So how exactly had Elser carried out his plot – and why? The Gestapo tried to find this out when he was captured, shortly after the bomb went off, trying to cross the border into Switzerland with incriminating material in his pockets. The transcript of his prolonged interrogation was discovered in the 1960s, and shows how he demonstrated to astonished Gestapo officials what he had done. He had begun experimenting with explosives while working for an armaments firm near his home town in Swabia. Then he began to work at the beer hall, the Buergerbraeuhaus, in Munich, where Hitler made his annual November speech. This is where his carpentry and joinery skills became invaluable. For more than 30 nights he arrived late in the hall for a meal, then hid himself as it closed, and set to work overnight when everyone had left, hollowing out the pillar by the stage to make space for a bomb.
It was all meticulously planned and concealed. Elser told the Gestapo that, “as the smallest noise rang loudly in the empty hall at night”, he carried out his loudest work timing it to coincide with “every 10 minutes (when) the hall toilets flushed automatically”. There was a constant risk of discovery. “Every sound had to be muffled, every speck of sawdust collected and disposed of,” writes the historian Roger Moorhouse, in his book Killing Hitler. The Gestapo assumed he must have been linked to a larger group, such as the British secret service, and so did many others.
For many decades, it was assumed that Elser must have been part of a larger plot. But in fact, as Hitler’s biographer, Ian Kershaw puts it, “the truth was less elaborate – but all the more stunning”. Elser was “a single person, an ordinary German, a man from the working class, acting without the help or knowledge of anyone else”. Despite a brief association with a communist group, he was not overtly political.
Rather, as Moorhouse puts it, he had a “profound sense of justice” – and he was concerned about the problems faced by ordinary workers under the Third Reich. When the Nazis came to power, he began – as the new film depicts – to make small gestures of defiance, such as refusing to listen deferentially to broadcast speeches by Hitler. By the late 1930s, following the Nazi annexations of Austria and part of Czechoslovakia, he was also concerned about Hitler’s drive towards war. He knew his bomb might kill many people. “I wanted through my act,” he said, “to prevent even greater bloodshed.”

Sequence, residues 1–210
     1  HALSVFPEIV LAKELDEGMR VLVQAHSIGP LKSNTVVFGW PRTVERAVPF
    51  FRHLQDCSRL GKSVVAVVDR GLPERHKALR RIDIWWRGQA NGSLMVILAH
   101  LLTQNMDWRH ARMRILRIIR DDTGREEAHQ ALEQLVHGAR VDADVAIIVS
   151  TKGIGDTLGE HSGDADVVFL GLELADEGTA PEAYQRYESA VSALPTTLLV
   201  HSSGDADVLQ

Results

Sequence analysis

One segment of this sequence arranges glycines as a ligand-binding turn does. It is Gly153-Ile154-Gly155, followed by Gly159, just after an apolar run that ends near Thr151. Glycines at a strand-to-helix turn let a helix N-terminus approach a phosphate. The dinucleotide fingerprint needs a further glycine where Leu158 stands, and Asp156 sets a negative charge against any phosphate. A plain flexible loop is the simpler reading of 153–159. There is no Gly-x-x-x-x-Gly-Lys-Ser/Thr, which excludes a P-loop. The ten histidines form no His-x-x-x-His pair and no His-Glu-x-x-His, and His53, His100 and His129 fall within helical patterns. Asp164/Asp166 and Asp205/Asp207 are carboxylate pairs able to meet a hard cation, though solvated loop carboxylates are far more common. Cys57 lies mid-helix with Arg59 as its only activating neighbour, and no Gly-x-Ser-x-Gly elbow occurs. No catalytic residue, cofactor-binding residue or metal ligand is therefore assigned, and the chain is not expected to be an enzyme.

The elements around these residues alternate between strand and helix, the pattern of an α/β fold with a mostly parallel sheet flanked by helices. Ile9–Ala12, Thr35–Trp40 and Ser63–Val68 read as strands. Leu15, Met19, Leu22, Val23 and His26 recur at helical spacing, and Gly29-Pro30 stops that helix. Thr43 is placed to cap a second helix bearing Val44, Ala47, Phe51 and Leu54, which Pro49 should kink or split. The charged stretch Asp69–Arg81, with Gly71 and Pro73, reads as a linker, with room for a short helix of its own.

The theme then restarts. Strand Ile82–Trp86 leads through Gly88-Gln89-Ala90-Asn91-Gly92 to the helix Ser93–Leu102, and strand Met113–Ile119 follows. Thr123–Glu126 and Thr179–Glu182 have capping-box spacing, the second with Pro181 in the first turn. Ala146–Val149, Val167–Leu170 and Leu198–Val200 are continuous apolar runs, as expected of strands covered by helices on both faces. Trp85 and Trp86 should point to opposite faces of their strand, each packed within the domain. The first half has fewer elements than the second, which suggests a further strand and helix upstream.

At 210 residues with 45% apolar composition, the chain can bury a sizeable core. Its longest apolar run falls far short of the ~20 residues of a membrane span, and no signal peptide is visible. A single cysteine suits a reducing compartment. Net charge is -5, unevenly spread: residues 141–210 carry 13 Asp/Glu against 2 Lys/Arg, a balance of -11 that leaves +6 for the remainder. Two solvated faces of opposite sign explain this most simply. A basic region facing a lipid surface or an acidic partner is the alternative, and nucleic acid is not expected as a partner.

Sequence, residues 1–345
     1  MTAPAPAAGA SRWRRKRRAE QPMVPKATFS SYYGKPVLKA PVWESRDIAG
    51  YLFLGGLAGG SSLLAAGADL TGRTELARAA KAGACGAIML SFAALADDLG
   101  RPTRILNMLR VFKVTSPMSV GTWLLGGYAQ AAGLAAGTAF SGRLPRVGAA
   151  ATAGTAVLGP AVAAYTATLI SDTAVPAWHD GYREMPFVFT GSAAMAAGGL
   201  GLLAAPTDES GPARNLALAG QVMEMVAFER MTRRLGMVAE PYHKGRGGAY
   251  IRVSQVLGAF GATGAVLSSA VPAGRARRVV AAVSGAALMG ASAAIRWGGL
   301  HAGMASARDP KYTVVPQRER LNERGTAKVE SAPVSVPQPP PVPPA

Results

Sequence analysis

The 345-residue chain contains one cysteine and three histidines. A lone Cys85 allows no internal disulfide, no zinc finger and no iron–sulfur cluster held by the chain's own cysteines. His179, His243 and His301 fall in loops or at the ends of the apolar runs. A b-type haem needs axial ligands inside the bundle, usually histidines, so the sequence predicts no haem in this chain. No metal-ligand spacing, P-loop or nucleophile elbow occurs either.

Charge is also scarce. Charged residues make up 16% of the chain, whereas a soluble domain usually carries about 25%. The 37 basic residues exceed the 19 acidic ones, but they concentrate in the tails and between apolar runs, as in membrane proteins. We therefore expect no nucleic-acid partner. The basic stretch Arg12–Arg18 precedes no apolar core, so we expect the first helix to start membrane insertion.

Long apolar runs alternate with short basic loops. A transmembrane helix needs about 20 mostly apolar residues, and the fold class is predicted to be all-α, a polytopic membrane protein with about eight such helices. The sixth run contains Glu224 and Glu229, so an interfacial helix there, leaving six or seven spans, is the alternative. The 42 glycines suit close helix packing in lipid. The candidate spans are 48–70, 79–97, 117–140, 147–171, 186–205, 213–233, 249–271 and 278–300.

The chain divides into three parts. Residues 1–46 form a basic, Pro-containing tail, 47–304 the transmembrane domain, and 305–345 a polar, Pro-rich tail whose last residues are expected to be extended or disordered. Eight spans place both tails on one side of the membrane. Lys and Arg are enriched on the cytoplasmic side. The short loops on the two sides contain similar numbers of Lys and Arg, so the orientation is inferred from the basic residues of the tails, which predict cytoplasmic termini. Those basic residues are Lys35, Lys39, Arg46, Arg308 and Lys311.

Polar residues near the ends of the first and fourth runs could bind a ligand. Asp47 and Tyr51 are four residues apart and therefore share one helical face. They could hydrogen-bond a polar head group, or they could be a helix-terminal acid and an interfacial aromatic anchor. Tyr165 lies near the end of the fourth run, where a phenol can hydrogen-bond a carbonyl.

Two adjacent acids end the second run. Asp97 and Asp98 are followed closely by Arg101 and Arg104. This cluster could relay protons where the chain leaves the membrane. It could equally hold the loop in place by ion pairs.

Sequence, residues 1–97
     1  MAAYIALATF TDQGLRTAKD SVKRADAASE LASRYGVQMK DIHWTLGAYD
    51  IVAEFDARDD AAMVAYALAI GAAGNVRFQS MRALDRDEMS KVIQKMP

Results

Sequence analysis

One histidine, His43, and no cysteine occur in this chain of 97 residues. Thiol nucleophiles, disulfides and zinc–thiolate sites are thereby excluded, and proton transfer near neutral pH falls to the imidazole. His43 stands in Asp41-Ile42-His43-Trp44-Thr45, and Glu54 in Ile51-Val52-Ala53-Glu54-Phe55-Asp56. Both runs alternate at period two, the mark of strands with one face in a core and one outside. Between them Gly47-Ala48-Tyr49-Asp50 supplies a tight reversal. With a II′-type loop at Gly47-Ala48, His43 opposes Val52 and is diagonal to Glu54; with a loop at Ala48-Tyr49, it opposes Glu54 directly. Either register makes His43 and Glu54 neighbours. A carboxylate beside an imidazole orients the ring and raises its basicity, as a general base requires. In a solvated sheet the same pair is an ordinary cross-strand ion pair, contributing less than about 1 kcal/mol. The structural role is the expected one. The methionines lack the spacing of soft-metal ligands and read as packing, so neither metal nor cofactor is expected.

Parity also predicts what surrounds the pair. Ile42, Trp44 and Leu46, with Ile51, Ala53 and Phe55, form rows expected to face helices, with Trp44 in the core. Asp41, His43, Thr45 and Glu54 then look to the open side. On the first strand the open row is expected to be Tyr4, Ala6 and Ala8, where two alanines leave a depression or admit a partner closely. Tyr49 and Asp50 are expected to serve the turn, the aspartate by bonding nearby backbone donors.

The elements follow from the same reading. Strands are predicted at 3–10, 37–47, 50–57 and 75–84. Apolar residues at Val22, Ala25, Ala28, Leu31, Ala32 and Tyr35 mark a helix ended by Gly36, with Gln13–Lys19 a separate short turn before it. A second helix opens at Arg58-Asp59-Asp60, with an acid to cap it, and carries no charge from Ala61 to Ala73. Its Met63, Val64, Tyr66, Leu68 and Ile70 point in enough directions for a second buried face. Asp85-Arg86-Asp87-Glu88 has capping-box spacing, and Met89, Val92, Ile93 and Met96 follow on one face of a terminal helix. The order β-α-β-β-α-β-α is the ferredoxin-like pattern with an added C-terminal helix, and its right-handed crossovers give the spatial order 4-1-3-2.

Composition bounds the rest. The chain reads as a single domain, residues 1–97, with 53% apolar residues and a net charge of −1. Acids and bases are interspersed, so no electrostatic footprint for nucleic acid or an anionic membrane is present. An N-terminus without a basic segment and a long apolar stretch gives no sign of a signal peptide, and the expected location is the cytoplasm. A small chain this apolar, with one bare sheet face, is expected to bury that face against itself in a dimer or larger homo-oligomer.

Elser remained a mysterious and controversial figure for decades. Instead of being killed immediately, he was kept alive in a concentration camp during the war and only finally executed in 1945. This prompted speculation about who he might have been working for, and whether he might in fact have been a Nazi stooge, his failed plot designed to boost Hitler’s popularity. His family was ostracised in his home town for decades – part of a guilt-ridden German response to the whole question of anti-Nazi resistance. “All the people who did something against the Nazis were seen as traitors – not only in Nazi Germany but also in post-war Germany,” says Johannes Tuchel, Elser’s co-biographer and director of the German Resistance Memorial Center in Berlin.
If one man is able to make an assassination attempt against Hitler – not the head of the armed forces, not (someone from) the political elite – what did it say to Germany society? ” “They knew they had to do something against Hitler, but they didn’t.” One assassination attempt was well known in post-war decades. The 1944 bomb planted at Hitler’s military headquarters by Claus von Stauffenberg, part of a resistance group among the military and political elite.
But resistance at lower levels – for example by communists and trade unionists – was barely acknowledged. Last year, finally, German Chancellor Angela Merkel acknowledged Elser as a hero of anti-Nazi resistance, describing him as “one who struggled on his own… to try to prevent the war”. Johannes Tuchel hopes the new film will make Elser and his story much better known, though he says he doesn’t want him to become “a big national hero”. “I want him as a man who, in a dark time for Germany, showed us that not all Germans were Nazis,” he says. Much recent research into Nazism has focused on the many “ordinary Germans” who became perpetrators of the most terrible crimes. Elser’s extraordinary story reminds us that there were some “ordinary Germans” who behaved in a very different way.